It’s destined to these scores of “decent-but-not-great” not by value of its production or design, but by virtue of the fact that it’s a casual puzzle game. Like Mario Party or Just Dance, its score doesn’t stand among others in its genre, but rather among those like Zelda or Skyrim; games so grand in scope and lengthy in execution that they deserve the highest industry praises.

‘Bomb Monkey’ neither tries nor needs to be like this. It’s a puzzle game whose objective is simple and if it were anything else would be a worse game for it. Does this mean it’s fair to bound it to scores below 8 or 9? Just because it’s a different kind of game? Should I rate it a 7.5? 7? 6.5? Some might say yes, because it’s not as good as Zelda. Some would say no, because it’s not as good nor worse than Zelda- it’s merely different.

I got an iPad a few weeks ago.

Since then I’ve nabbed a ton of games for it, from the terrible free ones like McDonald’s Happy Meal Builder (seriously, try it) to the top-notch like Plants vs. Zombies HD. The accessibility of games and the dangerously cheap cost of them had me all but convinced that this was the way casual gaming would be from here on out. I thought “Well, this is it. Gaming as a whole sure isn’t dead, but it may very well be slipping out of its casual hayday.”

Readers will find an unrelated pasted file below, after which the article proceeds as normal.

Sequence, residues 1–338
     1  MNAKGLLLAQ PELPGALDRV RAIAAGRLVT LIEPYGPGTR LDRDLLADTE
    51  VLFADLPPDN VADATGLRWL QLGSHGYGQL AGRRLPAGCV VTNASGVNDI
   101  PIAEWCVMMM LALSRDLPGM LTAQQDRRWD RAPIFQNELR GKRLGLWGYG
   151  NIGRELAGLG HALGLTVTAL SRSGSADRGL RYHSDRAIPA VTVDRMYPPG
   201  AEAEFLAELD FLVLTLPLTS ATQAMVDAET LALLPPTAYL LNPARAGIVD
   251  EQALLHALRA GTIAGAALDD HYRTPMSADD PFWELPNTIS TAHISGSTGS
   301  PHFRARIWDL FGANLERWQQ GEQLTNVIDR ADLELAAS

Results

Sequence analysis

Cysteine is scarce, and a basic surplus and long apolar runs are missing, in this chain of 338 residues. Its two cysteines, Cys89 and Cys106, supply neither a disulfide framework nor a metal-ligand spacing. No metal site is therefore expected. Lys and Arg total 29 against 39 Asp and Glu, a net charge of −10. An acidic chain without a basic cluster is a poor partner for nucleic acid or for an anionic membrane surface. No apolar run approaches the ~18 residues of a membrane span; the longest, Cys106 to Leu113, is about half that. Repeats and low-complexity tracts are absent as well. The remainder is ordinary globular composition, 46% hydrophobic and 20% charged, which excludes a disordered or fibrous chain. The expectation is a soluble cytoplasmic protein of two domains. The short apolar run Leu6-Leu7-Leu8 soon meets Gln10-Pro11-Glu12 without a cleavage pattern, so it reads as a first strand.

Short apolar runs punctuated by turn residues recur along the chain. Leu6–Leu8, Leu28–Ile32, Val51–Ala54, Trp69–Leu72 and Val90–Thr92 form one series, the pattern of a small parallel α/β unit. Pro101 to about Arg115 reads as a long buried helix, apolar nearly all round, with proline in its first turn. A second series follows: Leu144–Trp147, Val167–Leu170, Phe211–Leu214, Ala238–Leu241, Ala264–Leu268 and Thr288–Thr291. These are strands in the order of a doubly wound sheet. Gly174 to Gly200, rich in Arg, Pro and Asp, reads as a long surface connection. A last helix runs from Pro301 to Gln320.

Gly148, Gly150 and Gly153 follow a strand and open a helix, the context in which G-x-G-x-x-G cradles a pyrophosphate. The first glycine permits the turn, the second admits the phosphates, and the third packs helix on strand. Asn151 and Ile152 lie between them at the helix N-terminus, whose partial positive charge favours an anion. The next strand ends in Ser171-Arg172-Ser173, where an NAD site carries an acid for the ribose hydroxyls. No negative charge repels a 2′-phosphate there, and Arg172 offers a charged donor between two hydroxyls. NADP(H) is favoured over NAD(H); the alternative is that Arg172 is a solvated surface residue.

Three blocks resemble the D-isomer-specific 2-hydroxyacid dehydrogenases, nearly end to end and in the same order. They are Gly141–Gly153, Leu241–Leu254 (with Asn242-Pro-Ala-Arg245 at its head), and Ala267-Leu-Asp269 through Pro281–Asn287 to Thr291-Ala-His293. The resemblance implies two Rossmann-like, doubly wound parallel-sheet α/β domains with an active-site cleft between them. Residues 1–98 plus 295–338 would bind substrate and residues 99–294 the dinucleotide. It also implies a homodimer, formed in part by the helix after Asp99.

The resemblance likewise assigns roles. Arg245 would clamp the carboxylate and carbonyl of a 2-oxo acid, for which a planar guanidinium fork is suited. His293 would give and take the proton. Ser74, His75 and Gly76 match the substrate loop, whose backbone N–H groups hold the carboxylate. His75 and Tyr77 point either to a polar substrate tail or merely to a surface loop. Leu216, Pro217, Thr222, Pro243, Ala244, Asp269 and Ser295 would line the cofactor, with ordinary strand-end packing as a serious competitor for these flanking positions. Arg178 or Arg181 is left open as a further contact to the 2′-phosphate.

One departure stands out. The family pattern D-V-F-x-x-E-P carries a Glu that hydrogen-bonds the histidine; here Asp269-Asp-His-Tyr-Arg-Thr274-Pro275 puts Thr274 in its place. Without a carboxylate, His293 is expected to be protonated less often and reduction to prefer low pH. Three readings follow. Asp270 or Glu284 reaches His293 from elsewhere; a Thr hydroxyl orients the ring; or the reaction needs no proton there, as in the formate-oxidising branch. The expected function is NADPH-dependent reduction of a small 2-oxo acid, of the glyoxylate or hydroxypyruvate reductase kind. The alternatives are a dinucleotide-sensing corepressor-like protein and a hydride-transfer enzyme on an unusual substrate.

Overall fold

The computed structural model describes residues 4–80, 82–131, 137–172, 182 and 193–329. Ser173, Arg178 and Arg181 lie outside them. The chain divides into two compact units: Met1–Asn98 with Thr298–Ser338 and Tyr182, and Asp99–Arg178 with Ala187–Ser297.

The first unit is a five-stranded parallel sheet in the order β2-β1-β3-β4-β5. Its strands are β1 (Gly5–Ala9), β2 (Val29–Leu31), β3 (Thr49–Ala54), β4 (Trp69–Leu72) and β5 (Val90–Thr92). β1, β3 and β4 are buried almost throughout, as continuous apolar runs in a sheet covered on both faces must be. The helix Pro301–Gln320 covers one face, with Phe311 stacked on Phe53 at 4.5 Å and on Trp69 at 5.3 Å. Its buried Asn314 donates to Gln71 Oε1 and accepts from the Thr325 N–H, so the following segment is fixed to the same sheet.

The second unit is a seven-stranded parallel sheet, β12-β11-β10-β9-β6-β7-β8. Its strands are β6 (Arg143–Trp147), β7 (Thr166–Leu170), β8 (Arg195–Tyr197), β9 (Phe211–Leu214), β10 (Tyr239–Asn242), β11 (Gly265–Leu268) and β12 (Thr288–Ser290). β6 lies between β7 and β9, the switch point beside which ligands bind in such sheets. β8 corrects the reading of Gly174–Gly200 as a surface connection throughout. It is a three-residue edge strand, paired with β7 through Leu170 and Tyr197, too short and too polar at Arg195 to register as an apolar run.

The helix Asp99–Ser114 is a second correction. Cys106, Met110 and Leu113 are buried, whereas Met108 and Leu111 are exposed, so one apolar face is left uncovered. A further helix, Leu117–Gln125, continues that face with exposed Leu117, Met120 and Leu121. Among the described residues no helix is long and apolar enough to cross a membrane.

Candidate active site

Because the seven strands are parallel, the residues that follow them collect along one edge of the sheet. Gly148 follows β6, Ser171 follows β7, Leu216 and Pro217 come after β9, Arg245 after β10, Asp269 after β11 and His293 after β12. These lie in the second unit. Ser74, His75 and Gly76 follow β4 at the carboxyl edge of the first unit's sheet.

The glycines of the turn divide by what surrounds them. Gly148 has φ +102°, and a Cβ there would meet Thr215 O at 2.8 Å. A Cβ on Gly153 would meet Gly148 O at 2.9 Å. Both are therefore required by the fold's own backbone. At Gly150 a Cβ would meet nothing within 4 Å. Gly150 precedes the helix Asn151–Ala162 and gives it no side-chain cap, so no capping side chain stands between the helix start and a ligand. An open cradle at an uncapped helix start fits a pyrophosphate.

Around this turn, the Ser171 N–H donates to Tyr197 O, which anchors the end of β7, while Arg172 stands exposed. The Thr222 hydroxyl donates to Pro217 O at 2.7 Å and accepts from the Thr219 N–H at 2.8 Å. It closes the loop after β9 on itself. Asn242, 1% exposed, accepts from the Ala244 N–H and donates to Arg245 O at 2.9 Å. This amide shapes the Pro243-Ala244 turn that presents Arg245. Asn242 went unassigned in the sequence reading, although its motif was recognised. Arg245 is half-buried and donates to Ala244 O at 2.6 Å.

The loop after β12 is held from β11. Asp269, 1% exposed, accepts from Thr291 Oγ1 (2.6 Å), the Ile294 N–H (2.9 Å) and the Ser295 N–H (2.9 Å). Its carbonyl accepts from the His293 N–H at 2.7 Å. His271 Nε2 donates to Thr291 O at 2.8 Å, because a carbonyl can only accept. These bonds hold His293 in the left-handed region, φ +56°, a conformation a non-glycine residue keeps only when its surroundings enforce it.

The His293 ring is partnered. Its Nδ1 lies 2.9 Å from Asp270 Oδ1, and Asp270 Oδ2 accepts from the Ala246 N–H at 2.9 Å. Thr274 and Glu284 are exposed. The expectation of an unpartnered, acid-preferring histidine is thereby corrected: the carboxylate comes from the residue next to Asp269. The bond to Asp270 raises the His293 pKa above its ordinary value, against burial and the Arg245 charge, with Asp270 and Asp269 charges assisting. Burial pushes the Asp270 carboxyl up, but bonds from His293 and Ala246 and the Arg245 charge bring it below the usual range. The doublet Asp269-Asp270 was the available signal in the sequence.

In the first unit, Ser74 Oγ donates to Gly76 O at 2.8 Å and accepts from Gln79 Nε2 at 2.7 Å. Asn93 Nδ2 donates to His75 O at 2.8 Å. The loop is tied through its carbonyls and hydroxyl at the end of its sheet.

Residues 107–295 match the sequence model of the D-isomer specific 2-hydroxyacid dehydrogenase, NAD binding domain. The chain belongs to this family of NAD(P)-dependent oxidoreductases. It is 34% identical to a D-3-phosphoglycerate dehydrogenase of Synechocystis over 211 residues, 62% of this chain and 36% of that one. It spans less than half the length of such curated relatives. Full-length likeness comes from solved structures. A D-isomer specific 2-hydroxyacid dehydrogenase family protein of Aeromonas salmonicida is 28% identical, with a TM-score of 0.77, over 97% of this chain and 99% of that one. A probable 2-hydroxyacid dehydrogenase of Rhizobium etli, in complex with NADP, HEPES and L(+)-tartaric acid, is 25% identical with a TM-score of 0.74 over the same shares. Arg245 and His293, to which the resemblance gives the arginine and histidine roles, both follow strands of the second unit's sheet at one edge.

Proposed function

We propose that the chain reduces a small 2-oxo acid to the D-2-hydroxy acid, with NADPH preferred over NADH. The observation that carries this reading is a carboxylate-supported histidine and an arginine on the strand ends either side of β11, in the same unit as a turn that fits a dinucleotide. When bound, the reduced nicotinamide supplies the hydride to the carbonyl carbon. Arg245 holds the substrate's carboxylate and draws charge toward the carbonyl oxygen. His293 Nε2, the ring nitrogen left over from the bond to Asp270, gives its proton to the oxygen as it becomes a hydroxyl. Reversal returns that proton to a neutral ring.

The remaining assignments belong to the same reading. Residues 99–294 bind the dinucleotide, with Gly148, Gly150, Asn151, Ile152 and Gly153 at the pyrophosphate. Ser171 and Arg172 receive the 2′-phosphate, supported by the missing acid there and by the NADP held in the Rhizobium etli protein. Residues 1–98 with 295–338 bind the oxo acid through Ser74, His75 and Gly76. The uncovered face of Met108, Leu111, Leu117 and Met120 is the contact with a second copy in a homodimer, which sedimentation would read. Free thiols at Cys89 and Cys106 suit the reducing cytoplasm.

Then, to my great luck, I got a review code for Art of Balance Touch! on the 3DS eShop. A simple game upon first glance, but given a few minutes with it and I realized something rather pleasant: Games are still better on dedicated gaming platforms than phones and tablets. They just are.

Game info:
System: Nintendo 3DS
Genre: RPG
Players: 1
Release Date: November 25, 2011 (EU)/February 14, 2012 (US)
Developer: Namco Bandai
Publisher: Namco Bandai